So are you saying that you would borrow money and put part of into fixed income also? If so, please explain how you're making up the difference in interest rates.
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Old 03-31-2008, 04:33 PM   #14
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Originally Posted by FIRE'd@51 View Post
I don't think this is correct. The relevant thing is that the optimal portfolio has a higher return than the borrowing cost. The fact that part of your borrowing (at 8%) is invested in fixed-income (at 6%) doesn't matter. You are leveraging the combination of assets, which cannot be obtained without including some fixed-income. Another way to think about it is that you are accepting some negative return on the fixed-income piece in exchange for the lower correlation coefficient, which improves the overall risk-return characteristics of the combination.
An investment that returns less than it costs will be a drag on any portfolio, no matter how much of it you leverage. Look at people paying 5% mortgages while holding 4% bonds. Tax-deductible, tax-deferred, blah blah, put all the assets into terms of after-tax dollars and the result is that paying higher rates to hold lower returns will not work any better in our ER portfolios than it worked for Long-Term Capital Management.

The cash part of a portfolio would be necessary for living expenses in a down market. And that's because leverage works great... right up until the margin calls start coming in.

The whole concept smacks of "We lose a little on each transaction, but we really make it up on volume!!"
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Old 03-31-2008, 05:13 PM   #15
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An investment that returns less than it costs will be a drag on any portfolio, no matter how much of it you leverage.
I agree, but that's not the case here. If you look at the graph of the efficient frontier with borrowing costs that the OP has presented, you can see that the optimal portfolio has a return greater than the borrowing cost, so there is no drag - rather it's an enhancement.
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Old 03-31-2008, 05:48 PM   #16
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Originally Posted by FIRE'd@51 View Post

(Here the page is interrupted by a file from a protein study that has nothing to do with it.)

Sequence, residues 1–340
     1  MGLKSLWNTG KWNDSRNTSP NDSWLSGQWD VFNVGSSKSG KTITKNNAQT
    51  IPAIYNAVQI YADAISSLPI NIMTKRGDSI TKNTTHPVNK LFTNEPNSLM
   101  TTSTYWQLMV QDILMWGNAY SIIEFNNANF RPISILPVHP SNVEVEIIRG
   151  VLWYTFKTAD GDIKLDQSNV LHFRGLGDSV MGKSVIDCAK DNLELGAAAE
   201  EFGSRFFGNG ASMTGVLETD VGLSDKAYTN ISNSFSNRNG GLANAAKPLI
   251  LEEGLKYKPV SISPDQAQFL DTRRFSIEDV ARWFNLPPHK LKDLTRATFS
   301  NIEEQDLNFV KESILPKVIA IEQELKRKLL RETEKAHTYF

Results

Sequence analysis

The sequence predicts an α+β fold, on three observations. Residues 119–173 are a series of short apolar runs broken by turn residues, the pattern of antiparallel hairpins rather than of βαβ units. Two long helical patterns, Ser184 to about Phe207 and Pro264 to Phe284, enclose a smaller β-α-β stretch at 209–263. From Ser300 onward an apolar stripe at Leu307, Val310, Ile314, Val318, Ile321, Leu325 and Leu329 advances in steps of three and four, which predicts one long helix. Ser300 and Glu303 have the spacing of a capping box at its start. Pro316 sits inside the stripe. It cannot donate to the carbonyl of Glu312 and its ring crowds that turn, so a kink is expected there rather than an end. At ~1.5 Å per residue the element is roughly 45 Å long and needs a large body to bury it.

I agree, but that's not the case here. If you look at the graph of the efficient frontier with borrowing costs that the OP has presented, you can see that the optimal portfolio has a return greater than the borrowing cost, so there is no drag - rather it's an enhancement.
You mean the graph with no numbers on the axes or the graph with the other-than-historical data?

I could be reading the numbers wrong, but here's what I think I see from his example:
Quote:
Originally Posted by gryffindor View Post
Here's the math on a sample efficient portfolio with a return of 10% and a cost of leverage of 5.5%:
Return 10%
Cost of Leverage 5.5%
Leverage Return
0% 10.00%
10% 10.45%
20% 10.90%
30% 11.35%
40% 11.80%
50% 12.25%
Let's assume that a $100K unleveraged portfolio returned $10K at the end of the year.

Let's borrow another 50% ($50K) at 5.5%. That'll cost us $2750 over the first year (minus some tax deductions and other details). We achieve a return of 12.25%, or $12,250. When we pay back the $2750, that leaves us with a return of $9500.

Perhaps we need to try this with better numbers. I'm open to suggestions.
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Old 03-31-2008, 07:37 PM   #17
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Quote:
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You mean the graph with no numbers on the axes or the graph with the other-than-historical data?
The one with no numbers - Expected Return vs Expected Risk with a positively sloped tangent line from the Borrowing Cost intercept to the Efficient Portfolio. To the right of the Efficient Portfolio the tangent line becomes the efficient frontier, so a levered Efficient Portfolio dominates.

The effect you are describing (where there is drag) would occur if the borrowing cost were raised to the point that no tangent line could be found. The line originating at that borrowing cost would slope downward and intersect and pass through and under the efficient frontier.
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Old 03-31-2008, 08:39 PM   #18
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I think the model is seriously flawed if it leads you to believe that you can make more money by giving money away (unless you believe in Karma also).
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Old 04-01-2008, 09:27 AM   #19
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To answer Nords and Patrick's questions:

My table was the net result of both the cost of capital and the return of investment. The assumptions of the return of 10% was for the efficient portfolio and the cost of capital was 5.5%.

So to use Nord's example of borrowing 50% on 100k (way too much leverage by the way). The return of 150k would be 15k. The cost of 5.5% interest on 50k would be 2.75k. So the total return would be 12.25k or 12.25% (what the table says).

Many people have commented in the thread that additional leverage is risky. I agree. I think only a modest amount (max 30%) is acceptable.

However, I think 100% equity portfolio is risky too. The key question is to ask is moving from a diversified portfolio to a higher percent of equities in order to get higher return more risk or less risky than leverage.

The way I use leverage is through a mortgage -- so no margin calls ever.

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Old 04-01-2008, 11:19 AM   #20
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I don't think anyone should have 100% equity portfolio, regardless of age.

There is no material difference between a 90/10 vs. 100% equity portfolio over longer timeframes as measured by returns. One does enjoy reduced volatility by doing so however.